Alaska Legislature

Alaska House deadlock breaks, at least temporarily, as coalition-minded Kodiak Republican is named speaker

JUNEAU — A three-week deadlock in the Alaska House of Representatives ended Thursday as Rep. Louise Stutes, a Kodiak Republican, was voted speaker of the House.

The House has been split 20-20 in its organization and unable to work since the start of the legislative session in January. On Thursday, Rep. Kelly Merrick, a Republican from Eagle River, broke the tie on the Legislature’s 24th day by casting a vote for Stutes, who was named speaker in a 21-19 vote.

Merrick has been a member of a 20-member Republican bloc and said she has not joined the House’s 20-member coalition bloc, which includes 15 Democrats, four independents and Stutes. That could leave both sides without the 21 votes needed to pass legislation or take most action.

“I don’t know if we have 21,” Stutes said on Thursday afternoon but emphasized that may be a temporary situation.

Stutes is the only Republican member of the coalition and said she intends to talk to every other Republican to ask whether they would be willing to join a new majority.

“I want everybody a part of this caucus that wants to be a part of the caucus,” she said. “There’s room for everybody that wants to participate.”

By the end of the day Thursday, there was no sign that any of the House’s other Republicans had committed. Most were in a closed-door meeting that lasted for several hours through the afternoon, though Merrick herself was noticeably absent from that meeting and from a group photo.


The first milepost for any new House majority will come on Friday. As speaker, Stutes must appoint members to a committee that selects the membership of other committees that govern the flow of legislation. The Legislature’s internal rules say that committee must meet “not later than the day following election” of the Speaker.

“I don’t want it to be one-sided,” Stutes said. “My vision would be a coming together. And so I’m stalling on committee on committees until I have an opportunity to speak with people that might want to fill one of those spots.”

She said she doesn’t know why Merrick decided to break the deadlock — she didn’t talk with the Eagle River Republican beforehand.

“There was no prearranged vote. I was as surprised as anybody else, that there were 21 votes,” Stutes said.

She said Merrick’s decision was a brave one because it exposes her to criticism from Republicans who value party loyalty.

On Twitter after the vote, former Wasilla Republican Rep. Colleen Sullivan-Leonard called Stutes and Merrick “fake Republicans” for their actions.

Stutes said that’s a narrow-minded statement.

“That’s not an easy thing to do: swim upstream. And I believe that’s pretty much what (Merrick) did, to move the state forward, and to allow for the House of Representatives to take care of business,” Stutes said.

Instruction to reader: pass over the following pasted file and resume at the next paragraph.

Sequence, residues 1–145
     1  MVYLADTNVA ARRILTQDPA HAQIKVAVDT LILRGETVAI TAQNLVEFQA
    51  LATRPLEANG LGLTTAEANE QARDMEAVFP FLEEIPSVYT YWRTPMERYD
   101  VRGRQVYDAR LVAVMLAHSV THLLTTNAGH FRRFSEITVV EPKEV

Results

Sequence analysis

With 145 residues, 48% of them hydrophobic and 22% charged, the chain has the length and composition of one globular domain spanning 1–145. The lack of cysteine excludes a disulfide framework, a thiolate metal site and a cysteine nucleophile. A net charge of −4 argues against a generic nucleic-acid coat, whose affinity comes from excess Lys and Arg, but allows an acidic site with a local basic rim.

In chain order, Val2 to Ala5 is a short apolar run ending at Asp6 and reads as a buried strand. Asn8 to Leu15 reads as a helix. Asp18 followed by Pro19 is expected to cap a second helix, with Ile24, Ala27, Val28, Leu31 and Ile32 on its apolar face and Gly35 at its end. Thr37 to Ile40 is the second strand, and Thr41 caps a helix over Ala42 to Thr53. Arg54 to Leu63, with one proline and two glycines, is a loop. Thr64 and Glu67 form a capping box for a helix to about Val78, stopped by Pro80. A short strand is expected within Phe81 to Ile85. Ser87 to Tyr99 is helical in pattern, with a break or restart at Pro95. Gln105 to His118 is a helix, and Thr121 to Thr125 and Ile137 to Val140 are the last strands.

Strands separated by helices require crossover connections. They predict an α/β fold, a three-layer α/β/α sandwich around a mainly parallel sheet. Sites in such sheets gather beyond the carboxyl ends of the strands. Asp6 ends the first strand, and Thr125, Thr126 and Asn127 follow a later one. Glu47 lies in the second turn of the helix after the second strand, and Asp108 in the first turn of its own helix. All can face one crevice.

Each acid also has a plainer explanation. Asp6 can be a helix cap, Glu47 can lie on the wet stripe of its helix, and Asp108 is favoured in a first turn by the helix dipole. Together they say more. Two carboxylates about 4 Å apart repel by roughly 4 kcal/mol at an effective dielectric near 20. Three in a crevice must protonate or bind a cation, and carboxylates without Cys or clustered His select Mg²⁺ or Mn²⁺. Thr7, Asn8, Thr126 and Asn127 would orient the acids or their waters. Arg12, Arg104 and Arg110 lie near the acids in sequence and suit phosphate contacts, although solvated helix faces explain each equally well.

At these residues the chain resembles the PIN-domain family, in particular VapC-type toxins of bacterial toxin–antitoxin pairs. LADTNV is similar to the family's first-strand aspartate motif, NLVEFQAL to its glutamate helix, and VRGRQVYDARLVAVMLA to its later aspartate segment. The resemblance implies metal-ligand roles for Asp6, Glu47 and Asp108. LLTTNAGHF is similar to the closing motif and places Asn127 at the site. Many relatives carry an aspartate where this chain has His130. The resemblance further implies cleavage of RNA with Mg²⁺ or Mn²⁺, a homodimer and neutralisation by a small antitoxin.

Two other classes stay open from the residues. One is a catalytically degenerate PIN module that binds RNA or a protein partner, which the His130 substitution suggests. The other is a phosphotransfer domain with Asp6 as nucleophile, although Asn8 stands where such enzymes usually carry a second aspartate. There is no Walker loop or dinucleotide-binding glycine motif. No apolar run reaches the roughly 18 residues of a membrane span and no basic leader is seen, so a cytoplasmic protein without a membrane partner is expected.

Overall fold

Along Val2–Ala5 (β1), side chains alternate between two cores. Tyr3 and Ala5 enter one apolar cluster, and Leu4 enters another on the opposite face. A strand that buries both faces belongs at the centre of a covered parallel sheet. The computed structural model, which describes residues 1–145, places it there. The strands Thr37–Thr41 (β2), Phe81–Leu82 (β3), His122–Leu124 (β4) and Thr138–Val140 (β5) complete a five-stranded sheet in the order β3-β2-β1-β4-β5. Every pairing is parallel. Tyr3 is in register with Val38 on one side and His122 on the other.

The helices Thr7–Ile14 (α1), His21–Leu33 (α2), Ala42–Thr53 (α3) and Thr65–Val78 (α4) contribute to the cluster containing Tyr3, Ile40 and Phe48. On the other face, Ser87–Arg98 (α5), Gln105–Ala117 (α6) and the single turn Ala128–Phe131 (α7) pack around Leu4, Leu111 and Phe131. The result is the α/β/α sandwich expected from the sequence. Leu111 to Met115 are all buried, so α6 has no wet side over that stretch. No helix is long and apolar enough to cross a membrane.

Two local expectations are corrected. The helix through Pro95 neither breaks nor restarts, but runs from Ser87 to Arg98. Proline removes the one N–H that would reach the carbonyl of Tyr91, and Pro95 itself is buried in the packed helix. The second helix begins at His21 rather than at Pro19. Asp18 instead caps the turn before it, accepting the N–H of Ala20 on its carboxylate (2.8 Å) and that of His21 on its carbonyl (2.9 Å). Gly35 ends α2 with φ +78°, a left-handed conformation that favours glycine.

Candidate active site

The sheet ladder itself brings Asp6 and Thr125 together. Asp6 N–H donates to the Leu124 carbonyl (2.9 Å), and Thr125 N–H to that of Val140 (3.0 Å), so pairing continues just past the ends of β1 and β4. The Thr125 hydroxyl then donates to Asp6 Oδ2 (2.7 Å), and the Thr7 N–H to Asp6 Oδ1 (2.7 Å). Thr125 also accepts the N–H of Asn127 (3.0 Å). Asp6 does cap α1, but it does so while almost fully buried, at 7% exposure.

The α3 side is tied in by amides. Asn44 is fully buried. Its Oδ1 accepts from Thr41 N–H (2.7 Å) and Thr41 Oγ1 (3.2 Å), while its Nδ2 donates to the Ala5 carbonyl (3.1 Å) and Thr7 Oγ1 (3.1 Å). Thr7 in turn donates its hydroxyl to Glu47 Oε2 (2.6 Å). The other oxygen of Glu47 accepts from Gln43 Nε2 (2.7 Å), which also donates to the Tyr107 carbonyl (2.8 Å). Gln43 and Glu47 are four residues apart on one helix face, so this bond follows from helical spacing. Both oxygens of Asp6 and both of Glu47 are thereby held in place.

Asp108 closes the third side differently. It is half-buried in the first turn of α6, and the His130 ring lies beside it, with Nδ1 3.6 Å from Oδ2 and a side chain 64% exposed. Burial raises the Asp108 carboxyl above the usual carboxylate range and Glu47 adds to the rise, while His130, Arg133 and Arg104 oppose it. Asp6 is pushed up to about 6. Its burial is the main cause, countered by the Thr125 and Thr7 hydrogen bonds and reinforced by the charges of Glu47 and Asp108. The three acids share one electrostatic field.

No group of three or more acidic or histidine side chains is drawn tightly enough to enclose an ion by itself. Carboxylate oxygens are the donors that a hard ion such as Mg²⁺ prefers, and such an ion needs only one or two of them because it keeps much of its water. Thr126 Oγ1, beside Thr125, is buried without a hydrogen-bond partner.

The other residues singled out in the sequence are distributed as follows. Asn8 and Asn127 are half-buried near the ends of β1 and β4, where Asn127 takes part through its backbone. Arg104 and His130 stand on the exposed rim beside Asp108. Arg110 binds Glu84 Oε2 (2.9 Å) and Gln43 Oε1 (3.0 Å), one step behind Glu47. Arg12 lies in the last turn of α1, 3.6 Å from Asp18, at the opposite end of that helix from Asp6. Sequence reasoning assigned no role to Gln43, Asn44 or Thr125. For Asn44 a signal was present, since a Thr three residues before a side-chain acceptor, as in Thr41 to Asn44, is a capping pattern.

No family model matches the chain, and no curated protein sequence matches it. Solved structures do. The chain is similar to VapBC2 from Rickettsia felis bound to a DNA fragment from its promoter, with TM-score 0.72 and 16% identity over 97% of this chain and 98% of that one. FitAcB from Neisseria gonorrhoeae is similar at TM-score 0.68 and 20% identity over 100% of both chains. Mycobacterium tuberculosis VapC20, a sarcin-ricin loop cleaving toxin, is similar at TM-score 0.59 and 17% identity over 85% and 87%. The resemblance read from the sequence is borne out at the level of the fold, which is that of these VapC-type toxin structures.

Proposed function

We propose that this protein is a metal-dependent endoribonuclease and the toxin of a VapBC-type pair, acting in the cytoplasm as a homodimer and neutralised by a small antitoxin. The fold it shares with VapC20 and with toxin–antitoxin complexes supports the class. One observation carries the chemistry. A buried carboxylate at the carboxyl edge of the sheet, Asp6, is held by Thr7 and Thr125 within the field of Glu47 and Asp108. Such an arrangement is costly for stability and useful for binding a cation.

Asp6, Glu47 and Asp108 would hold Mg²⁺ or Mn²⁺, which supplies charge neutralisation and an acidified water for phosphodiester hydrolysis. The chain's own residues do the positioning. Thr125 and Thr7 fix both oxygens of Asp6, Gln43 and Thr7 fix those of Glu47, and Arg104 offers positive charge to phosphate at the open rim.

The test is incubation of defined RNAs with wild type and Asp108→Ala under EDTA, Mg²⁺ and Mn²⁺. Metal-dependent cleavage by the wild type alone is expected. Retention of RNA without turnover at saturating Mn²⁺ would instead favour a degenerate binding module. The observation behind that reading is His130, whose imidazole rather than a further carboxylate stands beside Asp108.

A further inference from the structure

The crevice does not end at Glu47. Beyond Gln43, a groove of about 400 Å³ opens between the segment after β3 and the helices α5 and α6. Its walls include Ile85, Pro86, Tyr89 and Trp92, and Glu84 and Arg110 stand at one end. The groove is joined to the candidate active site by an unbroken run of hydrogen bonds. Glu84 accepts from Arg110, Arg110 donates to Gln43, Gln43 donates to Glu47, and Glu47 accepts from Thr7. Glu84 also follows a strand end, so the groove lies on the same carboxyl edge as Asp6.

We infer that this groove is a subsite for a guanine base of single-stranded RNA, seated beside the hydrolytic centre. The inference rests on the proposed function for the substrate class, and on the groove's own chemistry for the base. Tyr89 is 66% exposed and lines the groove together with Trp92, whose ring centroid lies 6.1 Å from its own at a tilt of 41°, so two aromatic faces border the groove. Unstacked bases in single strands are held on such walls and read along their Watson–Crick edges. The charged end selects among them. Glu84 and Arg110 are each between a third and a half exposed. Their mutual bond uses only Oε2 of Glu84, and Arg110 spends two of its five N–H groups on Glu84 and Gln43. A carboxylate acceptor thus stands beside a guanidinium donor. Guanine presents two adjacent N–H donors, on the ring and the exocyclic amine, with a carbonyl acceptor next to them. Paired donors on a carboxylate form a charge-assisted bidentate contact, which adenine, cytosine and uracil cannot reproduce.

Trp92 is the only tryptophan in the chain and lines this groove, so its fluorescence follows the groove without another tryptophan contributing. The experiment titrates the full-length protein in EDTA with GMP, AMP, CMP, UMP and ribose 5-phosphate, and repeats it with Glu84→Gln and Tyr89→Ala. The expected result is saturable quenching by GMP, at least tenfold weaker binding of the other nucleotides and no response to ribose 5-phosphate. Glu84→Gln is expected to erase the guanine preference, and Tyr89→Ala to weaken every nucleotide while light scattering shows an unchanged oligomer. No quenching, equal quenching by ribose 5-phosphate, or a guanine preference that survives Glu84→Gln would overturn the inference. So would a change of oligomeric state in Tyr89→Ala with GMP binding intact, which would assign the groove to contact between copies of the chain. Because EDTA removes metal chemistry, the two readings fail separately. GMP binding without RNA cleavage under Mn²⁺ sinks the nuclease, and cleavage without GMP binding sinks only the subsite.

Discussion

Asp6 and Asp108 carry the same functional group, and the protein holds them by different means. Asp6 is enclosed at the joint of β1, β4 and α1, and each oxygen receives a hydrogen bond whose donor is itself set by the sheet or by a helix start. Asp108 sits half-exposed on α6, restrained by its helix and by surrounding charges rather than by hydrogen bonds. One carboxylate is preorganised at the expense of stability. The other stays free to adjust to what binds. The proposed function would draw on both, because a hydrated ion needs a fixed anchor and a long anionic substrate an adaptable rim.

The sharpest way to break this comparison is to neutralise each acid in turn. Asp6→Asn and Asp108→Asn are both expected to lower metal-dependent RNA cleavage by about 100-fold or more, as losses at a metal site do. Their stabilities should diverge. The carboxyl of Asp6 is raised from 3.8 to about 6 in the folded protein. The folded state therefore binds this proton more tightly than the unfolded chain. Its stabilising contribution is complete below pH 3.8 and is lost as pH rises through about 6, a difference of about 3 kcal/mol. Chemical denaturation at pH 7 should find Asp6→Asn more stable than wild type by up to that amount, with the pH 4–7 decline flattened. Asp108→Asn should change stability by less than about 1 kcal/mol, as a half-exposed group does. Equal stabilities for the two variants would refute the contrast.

“She’s a leader. There’s no question about it. She’s a leader.”

Ten House Republicans either declined comment or had only brief remarks when asked their thoughts on the vote.

“It is what it is,” said Rep. Mike Prax, R-North Pole, with a shrug.

Rep. Steve Thompson, R-Fairbanks, said the feeling was one of “confusion,” and even members of the House coalition said they were surprised.

“Did I expect it to happen? That’s a little bit of a strong statement. Am I glad that it happened? Yes. I don’t think anybody expected it would happen,” said Rep. Dan Ortiz, I-Ketchikan.

Rep. Matt Claman, D-Anchorage, said there had been a theory that proposing Stutes as speaker could be more palatable to Republicans: They would be voting one of their own for speaker instead of an independent or Democrat.

After her tie-breaking vote, Merrick left the House floor by a side door. She did not respond to a message left on her cellphone but issued a written statement:

“Today, I voted to elect Republican Representative Louise Stutes as Speaker of the House, ending more than three weeks of deadlock and allowing the Legislature to move forward. It was by no means an easy decision to make, but it ensured that no matter how organization comes together, there will be a Republican Speaker,” Merrick said.

“To be clear, I have not joined the Alaska House Coalition. However, like most Alaskans, I have been frustrated by taking the same fruitless votes day after day and I felt we could no longer afford to delay extending the governor’s emergency disaster declaration, crafting a fiscally conservative budget, and passing the construction jobs bill.”


In recent days, House legislators have come under increasing pressure over their failure to organize, and the current deadlock was the second-longest since statehood. (A deadlock in 2019 lasted 31 days.)

Alaska’s COVID-19 state of emergency expires at midnight Sunday morning, and Gov. Mike Dunleavy said Wednesday that any extension is up to the Legislature.

[Alaska legislators doubt they will extend COVID-19 emergency before deadline]

The state of emergency allows speedier distribution of vaccines and treatments, public health experts have testified, and the state would lose some federal aid without it.

The Alaska Senate is expected to vote Friday to extend the emergency for 30 days, but the House must also approve the extension before it becomes effective.

Stutes said she doesn’t know if the House will be able to take up the issue before the deadline.

“But I am an eternal optimist. And I believe anything’s possible if you believe enough in it. I would have never believed I was speaker.”

James Brooks

James Brooks was a Juneau-based reporter for the ADN from 2018 to May 2022.